The logic why Police will not get rid of all the wrong’uns

They are many reports in recent months where the UK police force would appear to be infiltrated with corrupt police officers, from serving police officers such as  Wayne Couzens, who raped and murdered Sarah Everard to the almost daily string of police officers caught in thefts, sexual assaults, child abuse, lies and deceit.

Why are the police so slow to root out this corruption?  One thought is that the police believe they need officers who have a criminal mindset and who are prepared to break the law to get the job done.

Why would a police officer, imprisoned for having 2,000 child abuse images on his computer, face a misconduct panel?  Any officer who commits a criminal offence while serving in the police should be automatically dismissed where a certain threshold is met, this should be, and I think the general consensus of the UK would have thought this would be the case.

The sad reality is, you do not have to be an upstanding member of the public to be a police officer, you can have a prior criminal record, and if you commit a crime and are convicted while serving as a police officer, you are not automatically dismissed, even though the job role is to fight crime.

I believe the answer lies in the upper echelons of the police force, those who are often judged on the overall performance and crime statistics of the entire force.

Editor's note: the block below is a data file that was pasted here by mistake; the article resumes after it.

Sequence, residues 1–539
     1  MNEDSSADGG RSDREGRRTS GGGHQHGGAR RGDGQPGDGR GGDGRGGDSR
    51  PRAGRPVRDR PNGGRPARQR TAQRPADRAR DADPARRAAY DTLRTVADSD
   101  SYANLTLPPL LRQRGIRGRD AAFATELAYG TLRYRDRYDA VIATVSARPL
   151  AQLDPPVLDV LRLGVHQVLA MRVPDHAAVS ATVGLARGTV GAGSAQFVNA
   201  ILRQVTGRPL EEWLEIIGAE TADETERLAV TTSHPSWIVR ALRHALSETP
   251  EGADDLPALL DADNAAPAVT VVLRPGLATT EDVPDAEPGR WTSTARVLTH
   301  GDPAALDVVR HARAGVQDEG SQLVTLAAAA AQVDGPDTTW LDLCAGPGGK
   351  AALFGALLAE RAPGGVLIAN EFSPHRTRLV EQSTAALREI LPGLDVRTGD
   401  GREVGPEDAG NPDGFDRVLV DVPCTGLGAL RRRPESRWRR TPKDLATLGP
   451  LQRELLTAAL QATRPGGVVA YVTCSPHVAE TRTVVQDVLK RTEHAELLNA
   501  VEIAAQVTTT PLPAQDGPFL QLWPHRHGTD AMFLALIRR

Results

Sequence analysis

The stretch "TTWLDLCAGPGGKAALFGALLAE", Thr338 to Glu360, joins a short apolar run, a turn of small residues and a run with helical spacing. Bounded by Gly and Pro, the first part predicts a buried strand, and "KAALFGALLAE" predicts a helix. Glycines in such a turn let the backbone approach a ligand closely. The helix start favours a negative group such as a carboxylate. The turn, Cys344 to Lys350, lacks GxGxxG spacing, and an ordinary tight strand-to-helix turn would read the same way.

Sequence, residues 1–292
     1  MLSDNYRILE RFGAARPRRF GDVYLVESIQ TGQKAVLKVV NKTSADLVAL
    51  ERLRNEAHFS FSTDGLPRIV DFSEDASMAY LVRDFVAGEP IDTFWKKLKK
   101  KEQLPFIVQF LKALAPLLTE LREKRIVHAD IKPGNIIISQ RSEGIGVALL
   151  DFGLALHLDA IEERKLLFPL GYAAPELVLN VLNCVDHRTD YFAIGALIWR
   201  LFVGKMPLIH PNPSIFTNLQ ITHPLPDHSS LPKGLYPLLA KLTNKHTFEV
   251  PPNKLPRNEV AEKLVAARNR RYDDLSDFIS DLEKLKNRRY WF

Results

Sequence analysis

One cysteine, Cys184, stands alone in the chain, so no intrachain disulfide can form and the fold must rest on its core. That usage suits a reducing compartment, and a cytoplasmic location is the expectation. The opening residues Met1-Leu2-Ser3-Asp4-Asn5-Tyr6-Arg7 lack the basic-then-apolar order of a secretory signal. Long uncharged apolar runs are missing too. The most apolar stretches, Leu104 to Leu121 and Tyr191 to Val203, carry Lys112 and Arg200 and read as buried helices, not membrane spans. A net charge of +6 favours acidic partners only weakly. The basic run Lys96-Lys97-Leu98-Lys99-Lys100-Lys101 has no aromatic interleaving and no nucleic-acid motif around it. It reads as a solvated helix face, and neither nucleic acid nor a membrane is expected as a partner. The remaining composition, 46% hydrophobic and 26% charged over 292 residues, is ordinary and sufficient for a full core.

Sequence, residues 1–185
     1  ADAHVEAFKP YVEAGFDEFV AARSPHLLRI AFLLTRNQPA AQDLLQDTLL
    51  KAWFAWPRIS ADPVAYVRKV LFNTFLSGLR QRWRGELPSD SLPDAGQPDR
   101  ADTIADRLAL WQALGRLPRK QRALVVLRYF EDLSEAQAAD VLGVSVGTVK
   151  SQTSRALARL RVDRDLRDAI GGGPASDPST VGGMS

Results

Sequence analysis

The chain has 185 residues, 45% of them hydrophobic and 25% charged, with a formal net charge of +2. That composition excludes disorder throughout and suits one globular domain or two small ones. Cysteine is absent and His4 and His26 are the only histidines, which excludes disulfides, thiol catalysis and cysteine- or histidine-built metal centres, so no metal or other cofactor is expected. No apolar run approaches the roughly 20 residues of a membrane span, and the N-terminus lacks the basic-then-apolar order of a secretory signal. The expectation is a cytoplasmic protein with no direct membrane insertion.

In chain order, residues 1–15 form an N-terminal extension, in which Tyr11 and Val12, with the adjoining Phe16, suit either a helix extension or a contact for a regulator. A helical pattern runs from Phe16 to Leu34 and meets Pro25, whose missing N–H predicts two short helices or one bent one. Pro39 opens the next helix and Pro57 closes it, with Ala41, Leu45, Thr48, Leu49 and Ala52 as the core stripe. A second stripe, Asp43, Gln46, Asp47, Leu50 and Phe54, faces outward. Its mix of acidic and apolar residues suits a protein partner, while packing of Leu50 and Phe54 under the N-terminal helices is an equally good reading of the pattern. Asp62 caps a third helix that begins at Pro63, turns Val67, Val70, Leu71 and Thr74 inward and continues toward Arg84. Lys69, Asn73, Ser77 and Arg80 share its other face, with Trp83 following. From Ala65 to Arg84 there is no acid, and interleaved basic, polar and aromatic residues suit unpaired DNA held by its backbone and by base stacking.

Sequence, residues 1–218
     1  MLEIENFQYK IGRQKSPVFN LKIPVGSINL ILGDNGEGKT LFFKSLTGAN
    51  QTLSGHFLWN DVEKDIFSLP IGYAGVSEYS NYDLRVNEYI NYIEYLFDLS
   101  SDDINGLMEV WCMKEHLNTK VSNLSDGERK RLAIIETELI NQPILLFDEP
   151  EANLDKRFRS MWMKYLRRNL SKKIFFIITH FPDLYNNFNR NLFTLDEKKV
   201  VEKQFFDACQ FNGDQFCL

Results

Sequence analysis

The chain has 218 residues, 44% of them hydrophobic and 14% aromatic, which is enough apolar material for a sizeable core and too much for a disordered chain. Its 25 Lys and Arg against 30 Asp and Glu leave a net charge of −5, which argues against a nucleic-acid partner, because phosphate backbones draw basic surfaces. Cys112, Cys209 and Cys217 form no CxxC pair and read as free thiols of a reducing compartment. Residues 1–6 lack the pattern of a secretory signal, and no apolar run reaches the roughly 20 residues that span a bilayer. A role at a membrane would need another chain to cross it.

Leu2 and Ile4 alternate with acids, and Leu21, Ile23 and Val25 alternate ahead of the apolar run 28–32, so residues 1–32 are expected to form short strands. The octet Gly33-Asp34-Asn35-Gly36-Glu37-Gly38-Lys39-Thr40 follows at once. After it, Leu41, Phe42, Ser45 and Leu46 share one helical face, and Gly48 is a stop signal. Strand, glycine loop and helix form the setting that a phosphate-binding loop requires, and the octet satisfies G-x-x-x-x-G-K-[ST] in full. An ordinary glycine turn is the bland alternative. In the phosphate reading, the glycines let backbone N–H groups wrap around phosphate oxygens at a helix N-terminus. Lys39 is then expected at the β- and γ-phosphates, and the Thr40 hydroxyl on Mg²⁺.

At this rank of policing, statistic count for force performance, and there is a fine balancing act over crime statistics and police conduct in achieving those statistics.

It is true that solving some crimes is difficult, no one said policing was an easy job.  Gathering evidence is laborious, even impossible, especially if evidence was never available or disappeared over time.

Then there are incidents where the police may be convinced they know who committed a crime, sometimes the evidence will not secure a conviction, often bringing down police statistics and creating frustration within a police force criticised over performance.

What if a police officer was giving evidence but simply, due to poor timing or other genuine reason, they did not witness itfirst hand (see or hear the offence), yet they believe were reliably told by another person (who may or may not be telling the truth) that something did happen. So long as the police officer had the means to see or hear something, even though they may not have witnessed it, it

What if evidence suddenly appeared

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